It was perceived as a major finding for the field when Ricki Colman from the Wisconsin National Primate Research Center (WNPRC) in Madison and colleagues reported 2009 in Science that “Caloric Restriction Delays Disease Onset and Mortality in Rhesus Monkeys”. Most importantly, at the time of gathering the final data, 80% of the monkeys in the target group, but only 50% of those in the control group were still alive. They had investigated them for almost twenty years. However, their control group was fed a diet that might not have been very healthy in the first place. It was made of purified compounds, offered in unlimited supplies, and contained 28.5% sucrose. Although I do not know much about monkey nutrition, this neither appears very natural nor healthy. Indeed, about 40% of them developed diabetes.
Fat rats skew research results
Only a few months later, Bronwen Martin from the Laboratory of Clinical Investigation in Baltimore and colleagues published a cautionary note in the Proceedings of the National Academy of Sciences in the USA based on their observations of the diet and other health-related factors of laboratory rodents. They warned that many control rats and mice are actually not good controls, in other words, that they are not a useful baseline to compare treatment effects against. This critique was referred to in Nature under the telling heading “Fat rats skew research results”.
Failure to recognize that many standard control rats and mice used in biomedical research are sedentary, obese, glucose intolerant, and on a trajectory to premature death may confound data interpretation and outcomes of human studies. […] Although overfed sedentary rodents may be reasonable models for the study of obesity in humans, treatments shown to be efficacious in these animal models may prove ineffective or exhibit novel side effects in active, normal-weight subjects. (Martin et al., 2010, p. 6127)
Thus, those animals are not representative of “normal” rodents but rather unhealthy ones. A treatment effect measured in another group and compared against this bad control might then actually not indicate an improvement relative to “normal” samples but rather a reduced impairment compared to the unhealthy population.
Did fat monkeys skew the original results?
The new study by July Mattison at the NIA and colleagues published online yesterday in Nature questions these findings empirically. They fed one monkey group a diet with 30% fewer calories but otherwise the same nutrients of a standard diet. This was made of natural ingredients and contained valuable components such as phytochemicals, minerals, and fat from soy and fish oils. Notably, while the diets at the NIA and WNPRC were comparable in terms of carbohydrates, the former contained only 3.9% sucrose compared to more than 25% in the latter. Accordingly, only 13% of their monkeys suffered from diabetes, much fewer than in the WNPRC sample.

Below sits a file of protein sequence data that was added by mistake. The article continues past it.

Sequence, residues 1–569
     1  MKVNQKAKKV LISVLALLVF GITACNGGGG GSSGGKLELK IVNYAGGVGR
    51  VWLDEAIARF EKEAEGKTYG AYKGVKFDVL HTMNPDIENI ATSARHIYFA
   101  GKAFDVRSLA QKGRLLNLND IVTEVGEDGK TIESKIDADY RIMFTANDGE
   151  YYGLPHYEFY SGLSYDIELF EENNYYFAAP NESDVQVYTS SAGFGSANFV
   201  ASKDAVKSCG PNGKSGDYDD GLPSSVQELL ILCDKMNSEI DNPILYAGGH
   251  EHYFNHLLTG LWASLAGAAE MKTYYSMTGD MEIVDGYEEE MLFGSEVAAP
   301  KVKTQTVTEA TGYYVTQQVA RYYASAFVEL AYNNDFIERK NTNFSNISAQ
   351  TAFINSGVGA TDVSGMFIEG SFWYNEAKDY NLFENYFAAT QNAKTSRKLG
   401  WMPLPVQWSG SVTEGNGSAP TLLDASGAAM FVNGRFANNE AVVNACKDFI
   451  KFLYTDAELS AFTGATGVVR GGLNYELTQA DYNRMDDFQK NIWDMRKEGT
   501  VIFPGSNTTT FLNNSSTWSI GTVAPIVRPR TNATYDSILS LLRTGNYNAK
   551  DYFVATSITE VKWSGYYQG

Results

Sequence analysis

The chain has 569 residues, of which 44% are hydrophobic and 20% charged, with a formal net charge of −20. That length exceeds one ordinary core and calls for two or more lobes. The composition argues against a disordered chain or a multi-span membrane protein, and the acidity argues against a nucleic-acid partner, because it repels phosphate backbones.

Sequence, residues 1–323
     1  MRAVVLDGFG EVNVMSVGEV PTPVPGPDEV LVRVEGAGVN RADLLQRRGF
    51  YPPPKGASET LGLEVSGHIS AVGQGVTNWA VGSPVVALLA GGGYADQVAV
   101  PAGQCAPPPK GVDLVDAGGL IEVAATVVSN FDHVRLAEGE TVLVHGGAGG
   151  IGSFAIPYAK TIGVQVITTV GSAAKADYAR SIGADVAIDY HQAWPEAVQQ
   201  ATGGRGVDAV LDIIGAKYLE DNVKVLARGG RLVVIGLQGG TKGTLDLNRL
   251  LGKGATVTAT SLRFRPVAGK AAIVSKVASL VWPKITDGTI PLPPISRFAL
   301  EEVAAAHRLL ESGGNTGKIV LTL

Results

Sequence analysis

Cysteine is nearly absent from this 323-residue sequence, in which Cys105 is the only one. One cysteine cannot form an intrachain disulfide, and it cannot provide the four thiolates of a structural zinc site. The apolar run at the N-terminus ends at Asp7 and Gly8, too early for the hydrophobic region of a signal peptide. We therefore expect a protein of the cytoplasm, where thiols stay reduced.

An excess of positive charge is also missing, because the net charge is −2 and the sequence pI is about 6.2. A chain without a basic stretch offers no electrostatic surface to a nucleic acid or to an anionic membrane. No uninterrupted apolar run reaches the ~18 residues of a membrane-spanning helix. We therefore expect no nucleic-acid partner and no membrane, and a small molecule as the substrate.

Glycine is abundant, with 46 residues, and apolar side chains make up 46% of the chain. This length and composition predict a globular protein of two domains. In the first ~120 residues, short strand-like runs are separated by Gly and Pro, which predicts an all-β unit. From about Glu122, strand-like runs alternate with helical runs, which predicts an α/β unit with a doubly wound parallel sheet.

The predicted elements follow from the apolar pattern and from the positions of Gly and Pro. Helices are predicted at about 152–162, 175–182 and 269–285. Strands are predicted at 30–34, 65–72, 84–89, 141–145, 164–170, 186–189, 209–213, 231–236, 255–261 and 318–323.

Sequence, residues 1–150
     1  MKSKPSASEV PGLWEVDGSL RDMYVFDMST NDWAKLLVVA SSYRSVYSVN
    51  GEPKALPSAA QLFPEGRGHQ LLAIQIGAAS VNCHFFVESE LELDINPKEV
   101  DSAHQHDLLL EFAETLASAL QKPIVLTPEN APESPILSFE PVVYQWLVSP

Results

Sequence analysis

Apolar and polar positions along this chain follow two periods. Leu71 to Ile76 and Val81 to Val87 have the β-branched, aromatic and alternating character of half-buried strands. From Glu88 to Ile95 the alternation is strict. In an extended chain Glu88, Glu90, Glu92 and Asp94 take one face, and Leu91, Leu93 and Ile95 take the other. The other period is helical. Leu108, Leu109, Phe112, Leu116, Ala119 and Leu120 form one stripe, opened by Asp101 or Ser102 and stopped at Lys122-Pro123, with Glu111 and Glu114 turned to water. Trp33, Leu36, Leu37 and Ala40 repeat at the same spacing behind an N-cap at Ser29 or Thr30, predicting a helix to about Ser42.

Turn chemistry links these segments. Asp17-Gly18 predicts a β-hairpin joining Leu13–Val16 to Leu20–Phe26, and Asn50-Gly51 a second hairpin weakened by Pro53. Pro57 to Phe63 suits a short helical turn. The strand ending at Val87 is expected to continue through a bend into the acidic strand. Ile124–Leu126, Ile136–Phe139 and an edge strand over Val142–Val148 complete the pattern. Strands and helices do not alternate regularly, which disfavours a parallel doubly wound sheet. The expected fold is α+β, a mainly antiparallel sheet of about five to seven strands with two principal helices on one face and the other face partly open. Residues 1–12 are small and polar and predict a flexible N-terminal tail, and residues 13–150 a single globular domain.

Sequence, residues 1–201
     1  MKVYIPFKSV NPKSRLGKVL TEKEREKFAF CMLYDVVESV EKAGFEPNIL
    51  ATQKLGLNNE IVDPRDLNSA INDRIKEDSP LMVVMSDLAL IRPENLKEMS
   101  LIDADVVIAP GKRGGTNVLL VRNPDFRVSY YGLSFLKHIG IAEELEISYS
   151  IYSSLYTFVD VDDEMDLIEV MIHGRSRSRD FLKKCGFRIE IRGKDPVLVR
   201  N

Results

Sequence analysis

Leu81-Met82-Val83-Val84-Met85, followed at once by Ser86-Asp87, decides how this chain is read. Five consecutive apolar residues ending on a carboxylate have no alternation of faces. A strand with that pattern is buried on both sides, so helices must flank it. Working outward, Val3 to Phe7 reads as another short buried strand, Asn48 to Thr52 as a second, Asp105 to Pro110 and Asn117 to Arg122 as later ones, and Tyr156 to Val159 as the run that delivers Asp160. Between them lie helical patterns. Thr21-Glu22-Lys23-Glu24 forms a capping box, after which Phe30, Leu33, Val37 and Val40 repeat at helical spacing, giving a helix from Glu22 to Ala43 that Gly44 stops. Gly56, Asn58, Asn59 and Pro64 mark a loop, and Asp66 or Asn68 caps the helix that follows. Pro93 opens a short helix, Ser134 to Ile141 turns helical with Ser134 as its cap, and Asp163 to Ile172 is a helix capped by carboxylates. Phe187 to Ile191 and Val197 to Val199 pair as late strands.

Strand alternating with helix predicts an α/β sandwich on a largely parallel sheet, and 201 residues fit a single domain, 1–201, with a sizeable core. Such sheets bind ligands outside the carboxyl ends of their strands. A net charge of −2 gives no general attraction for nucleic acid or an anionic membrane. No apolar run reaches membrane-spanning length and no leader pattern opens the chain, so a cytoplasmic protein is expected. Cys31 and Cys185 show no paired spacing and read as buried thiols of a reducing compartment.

When analyzing the data of their 23-year study, the researchers at the NIA did not find a significant effect of calorie restriction on years of life or age-related deaths. This poses a stark contrast to the previously reported findings in the Science paper. However, this does not mean that this dietary measure does not have any health benefit at all. Combining a number of variables such as tumor incidence, diabetes, or cardiovascular disease for a general analysis, they could at least find a statistical trend in favor of calorie restriction. The monkeys in the control group tended to have more tumors and at an earlier age, more frequently diabetes, but also less frequently cardiovascular disease.
Overall, Mattison and colleagues suggest that calorie reduction alone is too simple a measure to investigate the relation between nutrition and life span. The effects on health, morbidity, and mortality are complex and probably mediated by genetics, husbandry, diet composition, but also study design. Both balancing the amount of food intake and its composition might be a better health advice, after all, than the mere reduction of calories. Indeed, an epidemiological study published in the New England Journal of Medicine and based on the data of 1.46 Million white people reported that the mortality of those with a Body-Mass-Index between 20 and 25, thus people of normal weight, had the lowest overall mortality.
This whole story illustrates a couple of aspects on science and science communication: First, how some people are willing to adapt their lifestyle on the basis of preliminary findings within model organisms that can even be as remote from humans as yeast or rodents. Second, how difficult it can be to carefully select a baseline or control condition. Third, how important it is for science as well as for society that independent research groups try to replicate others’ findings. Fourth and finally, a more balanced diet might be more beneficial than a diet close to starvation.